Hutchings, BOE Want Teachers to Talk it Out

SHTA open letter prompts roundtable invitation, but parties struggle to settle on date

Dr. John Morris, high school English teacher and Shaker Heights Teachers' Association president, wants the administration to address concerns raised in the high school membership's open letter.

Dr. John Morris, high school English teacher and Shaker Heights Teachers’ Association president, wants the administration to address concerns raised in the high school membership’s open letter.

Following the May 11 publication of a critical open letter written by the high school members of The Shaker Heights Teachers’ Association, the Board of Education invited SHTA members to a roundtable discussion.

Now, as summer approaches, both groups are scrambling to find an acceptable date for that talk.

This open letter, first published on the SHTA website, expressed high school teachers’ worries about recent changes in the district and, in particular, at the high school. The letter was organized around five main concerns: micromanagement of teaching, less autonomy, a lack of reflection, absence of communication between teachers and administration and unclear changes.

Superintendent  Dr. Gregory C. Hutchings, Jr. originally proposed that the roundtable discussion be held June 16. However, this date clashed with SHTA President Dr. John Morris’ schedule.

“I take a group of students to our sister school in Worthing, England from June 12th through the 24th, so I couldn’t be there on the 16th,” Morris said.

Hutchings first extended the June 16 invitation through his response to the open letter, published in The Shakerite May 12. Hutchings then reiterated the invitation at the May 12 Board of Education meeting. It was the only allusion made to the open letter at the meeting.

We realized there are several voices echoing the need for the same line of discussion. Whether they be the Faculty Senate in their survey, or the letter from Mr. Griffith on his departure, and of course our letter, all reiterate the same ideas. We need to keep that on the forefront. These issues don’t go away, and we won’t let them go away.”

— Dr. John Morris

Morris then proposed the roundtable occur June 10, but the date was quickly scrapped after all five BOE members said they would be unavailable. In order for the roundtable discussion to be a legitimate forum, at least three BOE members must be present.

“The Board is serious about the issue,” said Morris. “They want to make sure that all five of them can be there.”

In addition, Morris wants to ensure that the roundtable is accessible to community members and teachers.

“We want as many high school teachers who can or want to be, to be there,” said Morris. “Community members are involved in this as well.”

Most recently, community members and teachers filled the high school’s small auditorium and stood 10-deep at the two auditorium entrances during a Board of Education meeting on Feb. 10, which dealt with the potential termination of Lomond kindergarten teacher Cathleen Grieshop.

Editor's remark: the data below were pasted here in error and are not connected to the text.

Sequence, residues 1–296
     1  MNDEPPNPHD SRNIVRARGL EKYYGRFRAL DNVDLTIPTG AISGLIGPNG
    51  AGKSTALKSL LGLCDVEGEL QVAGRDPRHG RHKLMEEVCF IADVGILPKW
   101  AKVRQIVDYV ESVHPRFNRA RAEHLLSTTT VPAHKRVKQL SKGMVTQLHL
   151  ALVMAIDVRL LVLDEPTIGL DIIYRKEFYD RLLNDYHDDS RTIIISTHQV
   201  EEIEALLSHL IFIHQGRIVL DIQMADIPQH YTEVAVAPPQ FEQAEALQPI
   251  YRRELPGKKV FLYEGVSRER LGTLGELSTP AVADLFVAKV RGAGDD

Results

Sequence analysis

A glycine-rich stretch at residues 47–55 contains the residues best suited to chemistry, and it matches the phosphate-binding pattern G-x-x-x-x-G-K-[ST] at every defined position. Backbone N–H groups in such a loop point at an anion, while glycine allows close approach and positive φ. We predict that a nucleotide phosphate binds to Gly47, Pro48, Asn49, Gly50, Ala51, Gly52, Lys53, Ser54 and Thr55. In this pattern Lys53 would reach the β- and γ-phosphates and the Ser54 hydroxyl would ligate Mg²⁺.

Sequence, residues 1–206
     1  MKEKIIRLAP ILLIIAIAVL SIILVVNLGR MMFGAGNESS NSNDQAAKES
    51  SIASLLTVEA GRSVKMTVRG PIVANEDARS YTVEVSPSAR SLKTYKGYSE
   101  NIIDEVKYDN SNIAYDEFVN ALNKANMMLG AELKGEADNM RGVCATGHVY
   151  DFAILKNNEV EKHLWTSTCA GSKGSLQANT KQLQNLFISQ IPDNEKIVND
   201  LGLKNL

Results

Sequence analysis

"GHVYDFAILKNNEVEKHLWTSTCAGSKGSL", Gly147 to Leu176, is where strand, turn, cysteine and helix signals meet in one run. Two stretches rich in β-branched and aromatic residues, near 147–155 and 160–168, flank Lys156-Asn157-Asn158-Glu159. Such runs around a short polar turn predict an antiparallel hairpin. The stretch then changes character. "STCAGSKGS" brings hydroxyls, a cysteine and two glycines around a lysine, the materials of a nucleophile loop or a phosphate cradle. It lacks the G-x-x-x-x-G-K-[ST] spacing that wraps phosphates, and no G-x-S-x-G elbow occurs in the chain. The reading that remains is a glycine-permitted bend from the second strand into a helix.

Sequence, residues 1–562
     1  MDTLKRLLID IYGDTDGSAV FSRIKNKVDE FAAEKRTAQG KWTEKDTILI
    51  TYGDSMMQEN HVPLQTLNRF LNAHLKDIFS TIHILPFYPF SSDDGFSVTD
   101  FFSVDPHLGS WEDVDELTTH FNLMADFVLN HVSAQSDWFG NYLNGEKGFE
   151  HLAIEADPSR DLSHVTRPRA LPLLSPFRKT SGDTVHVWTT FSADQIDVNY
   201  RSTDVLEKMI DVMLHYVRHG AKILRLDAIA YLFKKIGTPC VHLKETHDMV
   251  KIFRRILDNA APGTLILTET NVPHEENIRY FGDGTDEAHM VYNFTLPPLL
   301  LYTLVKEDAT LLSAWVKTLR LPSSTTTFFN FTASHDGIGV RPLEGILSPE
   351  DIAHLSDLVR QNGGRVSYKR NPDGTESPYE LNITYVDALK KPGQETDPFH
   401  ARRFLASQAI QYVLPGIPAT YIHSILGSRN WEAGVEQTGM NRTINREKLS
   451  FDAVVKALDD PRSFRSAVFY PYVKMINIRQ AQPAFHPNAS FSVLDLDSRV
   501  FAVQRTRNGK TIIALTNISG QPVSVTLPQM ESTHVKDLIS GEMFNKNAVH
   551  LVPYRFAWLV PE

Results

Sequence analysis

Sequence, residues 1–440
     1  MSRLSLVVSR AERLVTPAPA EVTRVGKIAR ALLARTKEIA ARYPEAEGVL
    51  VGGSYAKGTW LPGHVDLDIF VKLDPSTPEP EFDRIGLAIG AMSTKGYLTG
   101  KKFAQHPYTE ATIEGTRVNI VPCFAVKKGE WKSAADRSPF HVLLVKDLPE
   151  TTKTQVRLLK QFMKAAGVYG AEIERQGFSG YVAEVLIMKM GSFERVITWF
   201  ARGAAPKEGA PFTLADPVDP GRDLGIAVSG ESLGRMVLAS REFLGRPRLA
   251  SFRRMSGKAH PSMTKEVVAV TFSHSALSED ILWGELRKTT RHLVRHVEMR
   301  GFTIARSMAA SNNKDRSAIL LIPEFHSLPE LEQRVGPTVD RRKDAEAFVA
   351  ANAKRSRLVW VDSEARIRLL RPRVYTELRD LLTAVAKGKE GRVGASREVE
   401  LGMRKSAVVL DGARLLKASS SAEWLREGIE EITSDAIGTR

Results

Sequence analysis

“I am supportive of our Shaker teachers and am pleased that they took the opportunity to voice their frustrations to the administration,” said Shaker parent and active community member Irene Meyerhoefer in an email interview May 17. “Our teachers, counselors and building administrators and staff are the foundation of the Shaker education. It is the reason our children are at Shaker and we have supported, and continue to support, the Shaker Schools.”

Morris also noted that the open letter’s publication was not the first time these issues were called to attention.

“We realized there are several voices echoing the need for the same line of discussion. Whether they be the Faculty Senate in their survey, or the letter from Mr. Griffith on his departure, and of course our letter, all reiterate the same ideas,” said Morris. “We need to keep that on the forefront. These issues don’t go away, and we won’t let them go away.”

Meyerhoefer expressed concern about the timing of the proposed roundtable discussion.

“I am disappointed that [the administration] have not made an effort to address the concerns of the teachers before this school year ends and while the retiring/resigning teachers are still here,” Meyerhoefer said. “I hope that the administration changes their mind on this and make the teachers’ concerns a priority. I hope they find a way to listen to the concerns with open minds and to trust what the teachers, who really are the ones on the front lines, have to say.”

According to Morris, as of now, the most likely date for the roundtable discussion is July 1. However, the date is not certain.

“This will continue to be an issue that we’re concerned about,” said Morris. “Until we have a new principal in place, and until we see guarantees about our concerns, about autonomy, micromanagement, reflective looks at the strategic plan and our direction of the high school, we’ll continue to beat the drum about these issues.”

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